Are you struggling to choose the best walker for your senior or elderly loved one? It’s no wonder! Modern walkers and rollators have come a long way from the spartan walkers with basic metal frames most of us remember. Today’s models have many more features, and some are even suitable for rougher terrain.
In this article, we’ll help you understand the different types of walkers and sort through the options to select the best walker for your senior relative’s needs.
Types of Walkers
Walkers and rollators help people maintain their balance while moving around their homes or in other surroundings. The type of walker needed depends on an individual’s level of mobility.
- Standard walkers have a metal frame and four rubber-tipped feet. They’re the most basic type and offer the most support for people who have balance problems, unstable gait, and/or joint problems that make it difficult to bear weight on one side. Standard walkers require the user to have a reasonable amount of upper body strength and aren’t suitable for uneven terrain. Because the user must stop at intervals to lift the walker, place it forward, then walk forward, they only support relatively slow movement.
- Front-wheel rolling walkers support faster, more natural movements. They’re a good option for someone who can walk unassisted but has an unstable gait or balance problem. The two wheels are generally fixed in place and don’t swivel. This makes the walker more stable, but harder to maneuver around objects or in a crowd. Walking at a more natural pace is easier because the user only has to lift up the back legs of the walker to move forward. NOTE: front-wheel walker users must be careful to not push the walker too far in front and never use it to go up and down stairs.
- Three-wheel walkers are what you get when you a cross a two-wheel walker and a four-wheel rollator. These hybrid walkers have several advantages. They provide more mobility than standard walkers. The all-wheel design offers faster walking, and the single front wheel makes the walker easy to turn. They’re lighter weight than the four-wheeled rollators and take up less space. Most designs easily fit in a car trunk. However, three-wheel walkers aren’t designed for people who need a walker that supports their weight. Pushing down on the wheels may make the walker harder to steer.
- Four-wheel rollator walkers are often called “rolling walkers” but there’s an important difference between a rollator and a walker because the rollator also has a seat attachment. They’re designed as an aid for people who don’t need a balance aid, but need to rest frequently. Rollators are easy to steer because the wheels swivel, but they’re larger and heavier than standard or three-wheeled walkers. They may be hard to use in small homes or crowded spaces. NOTE: Rollators are more expensive than walkers and aren’t suitable for people who can’t support their own body weight.
Five Must-Have Walker Safety Features
Walker features range from the basic lightweight folding model to brightly-colored sporty versions with cup holders, phone chargers, and attractive attachments and carry pouches. Options are great, but make sure the walker you choose for your elderly relative has the safety features they require:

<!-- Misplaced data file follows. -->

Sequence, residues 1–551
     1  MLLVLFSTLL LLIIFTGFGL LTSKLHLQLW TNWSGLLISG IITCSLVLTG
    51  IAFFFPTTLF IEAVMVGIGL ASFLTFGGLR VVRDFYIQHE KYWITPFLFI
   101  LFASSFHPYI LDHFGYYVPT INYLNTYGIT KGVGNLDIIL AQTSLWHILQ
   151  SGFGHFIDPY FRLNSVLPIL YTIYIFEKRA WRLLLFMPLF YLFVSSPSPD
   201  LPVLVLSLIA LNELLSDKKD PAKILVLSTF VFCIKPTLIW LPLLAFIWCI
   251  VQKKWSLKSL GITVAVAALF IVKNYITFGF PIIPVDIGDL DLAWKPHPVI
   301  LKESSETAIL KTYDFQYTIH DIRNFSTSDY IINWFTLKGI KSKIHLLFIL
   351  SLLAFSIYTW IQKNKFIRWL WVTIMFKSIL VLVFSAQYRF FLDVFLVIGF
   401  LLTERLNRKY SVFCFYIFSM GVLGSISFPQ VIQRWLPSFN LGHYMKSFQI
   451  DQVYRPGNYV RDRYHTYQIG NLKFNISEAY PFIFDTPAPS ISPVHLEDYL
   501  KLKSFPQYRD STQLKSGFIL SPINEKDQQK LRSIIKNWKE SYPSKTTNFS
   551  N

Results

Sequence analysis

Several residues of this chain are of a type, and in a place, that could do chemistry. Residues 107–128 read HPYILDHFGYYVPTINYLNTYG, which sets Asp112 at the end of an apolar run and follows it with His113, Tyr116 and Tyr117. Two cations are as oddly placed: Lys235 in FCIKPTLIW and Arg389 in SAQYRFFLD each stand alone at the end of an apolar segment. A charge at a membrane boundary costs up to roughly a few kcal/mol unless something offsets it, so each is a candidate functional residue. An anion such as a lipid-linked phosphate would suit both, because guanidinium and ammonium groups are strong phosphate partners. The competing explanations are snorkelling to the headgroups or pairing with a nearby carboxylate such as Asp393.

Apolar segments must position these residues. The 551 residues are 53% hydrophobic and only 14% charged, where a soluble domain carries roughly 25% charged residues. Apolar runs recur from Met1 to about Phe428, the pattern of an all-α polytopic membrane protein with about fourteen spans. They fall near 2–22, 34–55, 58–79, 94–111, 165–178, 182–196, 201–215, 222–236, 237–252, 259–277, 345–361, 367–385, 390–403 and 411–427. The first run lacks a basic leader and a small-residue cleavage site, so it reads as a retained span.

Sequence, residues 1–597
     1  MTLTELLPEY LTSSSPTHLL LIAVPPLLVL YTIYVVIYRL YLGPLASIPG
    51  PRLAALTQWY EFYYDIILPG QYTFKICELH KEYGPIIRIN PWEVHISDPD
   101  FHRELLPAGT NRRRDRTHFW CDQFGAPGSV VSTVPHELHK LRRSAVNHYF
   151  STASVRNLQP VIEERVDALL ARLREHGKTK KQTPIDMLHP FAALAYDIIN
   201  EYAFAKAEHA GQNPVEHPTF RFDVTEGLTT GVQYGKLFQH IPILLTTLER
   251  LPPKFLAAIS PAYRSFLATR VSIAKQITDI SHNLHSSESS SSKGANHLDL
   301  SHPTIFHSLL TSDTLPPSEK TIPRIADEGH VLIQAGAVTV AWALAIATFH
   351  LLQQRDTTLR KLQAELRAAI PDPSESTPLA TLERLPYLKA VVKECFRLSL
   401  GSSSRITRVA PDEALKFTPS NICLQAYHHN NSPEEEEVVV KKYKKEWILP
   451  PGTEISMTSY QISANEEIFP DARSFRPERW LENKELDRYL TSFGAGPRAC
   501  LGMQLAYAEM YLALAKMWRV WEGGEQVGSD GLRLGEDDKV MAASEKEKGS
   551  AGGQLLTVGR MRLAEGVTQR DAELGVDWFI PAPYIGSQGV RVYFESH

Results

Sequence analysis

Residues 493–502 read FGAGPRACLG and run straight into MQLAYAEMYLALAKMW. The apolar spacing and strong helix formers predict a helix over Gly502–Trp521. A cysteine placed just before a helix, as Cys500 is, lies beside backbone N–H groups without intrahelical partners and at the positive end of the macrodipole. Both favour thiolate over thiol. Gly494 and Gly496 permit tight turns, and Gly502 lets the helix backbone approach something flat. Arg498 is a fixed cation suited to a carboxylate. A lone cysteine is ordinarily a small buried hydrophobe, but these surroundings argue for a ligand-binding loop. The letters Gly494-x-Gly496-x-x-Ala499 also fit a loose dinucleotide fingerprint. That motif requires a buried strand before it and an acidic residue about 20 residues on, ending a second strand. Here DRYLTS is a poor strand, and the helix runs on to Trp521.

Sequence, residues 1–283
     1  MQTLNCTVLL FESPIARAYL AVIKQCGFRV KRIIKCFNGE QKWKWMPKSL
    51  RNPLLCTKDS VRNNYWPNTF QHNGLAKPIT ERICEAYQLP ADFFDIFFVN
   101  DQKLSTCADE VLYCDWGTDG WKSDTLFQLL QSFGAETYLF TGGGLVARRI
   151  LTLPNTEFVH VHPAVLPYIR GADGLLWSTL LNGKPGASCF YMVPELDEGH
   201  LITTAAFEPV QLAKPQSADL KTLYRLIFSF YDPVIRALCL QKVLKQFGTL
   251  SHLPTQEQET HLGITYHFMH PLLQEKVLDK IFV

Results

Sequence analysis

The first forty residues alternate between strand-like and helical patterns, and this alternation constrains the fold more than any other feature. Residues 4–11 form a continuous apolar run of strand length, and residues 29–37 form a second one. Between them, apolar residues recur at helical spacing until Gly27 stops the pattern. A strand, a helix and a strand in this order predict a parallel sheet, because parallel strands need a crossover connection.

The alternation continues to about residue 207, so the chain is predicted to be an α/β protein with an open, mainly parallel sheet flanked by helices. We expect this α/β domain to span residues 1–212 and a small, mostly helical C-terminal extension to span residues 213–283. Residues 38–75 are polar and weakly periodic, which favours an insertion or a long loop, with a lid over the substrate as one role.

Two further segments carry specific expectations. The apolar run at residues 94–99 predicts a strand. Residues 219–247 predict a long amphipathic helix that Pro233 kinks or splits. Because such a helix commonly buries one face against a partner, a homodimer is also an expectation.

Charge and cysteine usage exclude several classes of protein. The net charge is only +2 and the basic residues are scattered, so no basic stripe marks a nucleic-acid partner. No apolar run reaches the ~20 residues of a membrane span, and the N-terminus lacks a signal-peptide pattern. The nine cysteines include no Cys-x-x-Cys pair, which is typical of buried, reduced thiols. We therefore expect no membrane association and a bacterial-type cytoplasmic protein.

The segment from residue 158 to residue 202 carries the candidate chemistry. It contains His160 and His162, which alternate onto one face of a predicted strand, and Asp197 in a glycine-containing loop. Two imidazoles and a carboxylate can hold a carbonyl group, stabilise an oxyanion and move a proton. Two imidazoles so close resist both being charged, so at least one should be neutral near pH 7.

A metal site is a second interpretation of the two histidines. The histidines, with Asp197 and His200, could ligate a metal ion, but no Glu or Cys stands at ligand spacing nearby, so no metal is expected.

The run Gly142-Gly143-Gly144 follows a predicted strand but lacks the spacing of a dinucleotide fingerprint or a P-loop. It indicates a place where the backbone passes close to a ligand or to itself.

- Adjustable height: All walkers allow for some variation in height, but if your relative is unusually tall or short, make sure the height adjustment matches their needs.
- Weight capacity: Most walkers are rated for 250-300 pounds. Sturdy bariatric models can accommodate larger people.
- Portability: Lighter weight folding models are easier for users to manage on the go. Make sure your relative can manage the walker independently and understands how to safely store it and set it up for use.
- Wheel type: Outdoor activities help seniors sleep better, and may allievate isolation and depression. If your relative enjoys being outdoors, consider an all-terrain walker with larger, more durable wheels that can help them safely navigate uneven terrain.
- Brake type: Most walkers have hand-operated brakes what work when the user squeezes the handle. This might be difficult for people with arthritis or joint problems. They may be more comfortable (and safe) with a model with weight-activated brakes.
Walkers, rollators and even stair lifts are important safety devices that help seniors and the elderly avoid falls. Together with aging in place home modifications, they can help seniors stay independent.
But accidents can still happen! Falls are the leading cause of injuries to seniors and the elderly. A quarter of all seniors fall at least once each year. Many suffer injuries severe enough to send them to nursing homes or assisted living facilities.
GetSafe’s voice-enabled medical alert systems allow you to call for help by pushing a help button, pulling a cord, or simply telling the system to “Call 9-1-1” when you need help. Place our wall buttons in bathrooms, near stairs, and any areas that represent a fall hazard.
Our systems are affordable and easy to install. Call 1-888-799-6255 to learn how you can try one risk-free for 30 days.